The story behind this: I dug up that cycad last year and moved it. It lost all its fronds, so I decided to replace it. But I couldn’t bear to toss it, so I stuck it in a pot, threw a shovel of soil on it and stuck it behind the shed. One day it had new fronds coming out. To make it up to it, I gave it to Ed, who treasured it. Like a rescued pet, the cycad was so grateful that it grew into a beautiful plant in just a few months. Lesson here: this spring, we’ll cut off the foliage and see if the root ball made it through. This time, I won’t be so hasty to sign off on it. (Greg pointed out that sago palms didn’t survive since the Prehistoric days by being wimps.)

Here’s a surprise for you:  a Salvia coccinea in bloom!  A few months ago, I told you that I dug it up and put it in the patio “greenhouse.”  Is that fun or what?

Salvia coccinea in winter patio greenhouse

This week on CTG, we highlight a Texas treasure, Peckerwood Garden. In 1971, John G. Fairey dedicated his land in Hempstead to explore his ever-growing collection of rare plants native to the southern U.S., Mexico, and Asia. Thanks to his endeavors, many of us have plants that were strangers to us just a few years ago.

Garden manager Chris Camacho joins Tom to show off a few of Peckerwood’s spectacular winter performers, like this Magnolia tamaulipana. The entire list will be on CTG’s website, where you can also watch the show online.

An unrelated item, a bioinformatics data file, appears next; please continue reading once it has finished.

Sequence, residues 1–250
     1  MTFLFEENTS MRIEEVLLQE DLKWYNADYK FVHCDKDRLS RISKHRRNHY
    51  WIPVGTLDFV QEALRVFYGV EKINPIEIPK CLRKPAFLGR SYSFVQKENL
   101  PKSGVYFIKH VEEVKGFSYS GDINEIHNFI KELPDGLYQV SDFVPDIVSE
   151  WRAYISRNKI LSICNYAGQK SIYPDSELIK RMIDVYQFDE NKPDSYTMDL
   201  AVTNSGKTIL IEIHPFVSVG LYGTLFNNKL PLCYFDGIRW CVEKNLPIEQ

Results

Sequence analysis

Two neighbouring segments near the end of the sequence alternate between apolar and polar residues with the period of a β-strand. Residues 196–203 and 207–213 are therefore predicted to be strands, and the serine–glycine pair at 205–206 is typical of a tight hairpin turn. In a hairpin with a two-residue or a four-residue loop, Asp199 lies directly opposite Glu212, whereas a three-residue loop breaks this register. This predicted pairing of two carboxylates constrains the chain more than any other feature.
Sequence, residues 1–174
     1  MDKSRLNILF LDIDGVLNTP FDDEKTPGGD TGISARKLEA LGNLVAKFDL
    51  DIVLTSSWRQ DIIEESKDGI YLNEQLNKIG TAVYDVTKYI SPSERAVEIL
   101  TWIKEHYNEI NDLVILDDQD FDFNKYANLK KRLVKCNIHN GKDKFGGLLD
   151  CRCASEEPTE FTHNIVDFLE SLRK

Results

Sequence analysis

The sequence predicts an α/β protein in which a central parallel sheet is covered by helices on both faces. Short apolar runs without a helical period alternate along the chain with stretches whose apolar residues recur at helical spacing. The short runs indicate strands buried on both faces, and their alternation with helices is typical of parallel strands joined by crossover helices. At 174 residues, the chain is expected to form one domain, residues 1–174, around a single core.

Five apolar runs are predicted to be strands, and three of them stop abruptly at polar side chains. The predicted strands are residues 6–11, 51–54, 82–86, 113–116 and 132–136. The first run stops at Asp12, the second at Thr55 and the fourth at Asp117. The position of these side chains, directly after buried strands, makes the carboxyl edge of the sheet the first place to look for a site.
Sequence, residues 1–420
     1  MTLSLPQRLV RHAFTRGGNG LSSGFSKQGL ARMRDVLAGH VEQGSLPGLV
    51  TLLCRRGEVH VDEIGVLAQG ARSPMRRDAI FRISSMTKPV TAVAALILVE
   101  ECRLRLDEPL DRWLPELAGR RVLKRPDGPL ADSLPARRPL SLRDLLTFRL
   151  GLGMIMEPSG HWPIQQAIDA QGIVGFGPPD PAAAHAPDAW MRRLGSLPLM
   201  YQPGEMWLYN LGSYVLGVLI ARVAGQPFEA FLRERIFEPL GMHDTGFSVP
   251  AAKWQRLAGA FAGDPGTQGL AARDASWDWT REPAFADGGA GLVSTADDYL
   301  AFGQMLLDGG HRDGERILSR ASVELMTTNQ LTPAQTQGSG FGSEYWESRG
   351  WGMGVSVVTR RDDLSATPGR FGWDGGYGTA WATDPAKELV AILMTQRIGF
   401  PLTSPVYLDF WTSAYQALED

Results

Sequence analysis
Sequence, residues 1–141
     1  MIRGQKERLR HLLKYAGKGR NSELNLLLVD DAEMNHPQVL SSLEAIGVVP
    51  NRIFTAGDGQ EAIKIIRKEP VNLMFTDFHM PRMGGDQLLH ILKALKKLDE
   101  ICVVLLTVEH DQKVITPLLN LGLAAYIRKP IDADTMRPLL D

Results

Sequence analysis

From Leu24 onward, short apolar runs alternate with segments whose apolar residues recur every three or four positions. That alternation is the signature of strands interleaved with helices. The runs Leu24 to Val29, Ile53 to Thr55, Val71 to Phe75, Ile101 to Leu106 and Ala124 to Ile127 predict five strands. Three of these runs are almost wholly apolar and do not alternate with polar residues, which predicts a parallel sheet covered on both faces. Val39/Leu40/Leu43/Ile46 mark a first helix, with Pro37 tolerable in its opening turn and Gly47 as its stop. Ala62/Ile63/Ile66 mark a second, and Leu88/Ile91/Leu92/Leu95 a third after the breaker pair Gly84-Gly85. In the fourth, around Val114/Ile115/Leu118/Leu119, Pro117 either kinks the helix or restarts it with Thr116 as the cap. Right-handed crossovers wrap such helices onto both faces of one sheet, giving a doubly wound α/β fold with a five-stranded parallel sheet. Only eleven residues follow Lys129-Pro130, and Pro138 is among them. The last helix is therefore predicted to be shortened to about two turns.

Magnolia tamaulipana Peckerwood Garden

Along with their Open Days tours, this year Peckerwood invites you to attend their Winter Lecture Series in January and February.

On tour, meet Leah & Philip Leveridge from East Side Patch!  In “Fall 2008,” (momentous event), I got to visit their garden on a Garden Bloggers tour. As we approached taping in “Fall 2009,” I feared that drought, heat, and a month away to visit family in Scotland would end up in yet another cancellation. “Fall 2009″ goes down in CTG records as the most cancellations ever.

Instead, their garden was a paradise and testament to tough plants. See how they started from scratch to turn grass and overgrown shrubs into a family destination of discovery. Especially, I love how their children are growing up in the garden. Generations from now, their stories and “weather events” will encourage the gardeners of the future.

Got cats that tear up houseplants and garden beds? Trisha responds to viewer Billie’s question about how to keep their little paws off.  Thanks, Billie! 

Daphne explains why we want to get bare-root roses in the ground soon. It’s also a great time to plant container roses, too. The heat will be back before we know it!  Check CTG’s website for lots of info on the best rose varieties, pruning tips, and how to deal with problems.

Until next week, Linda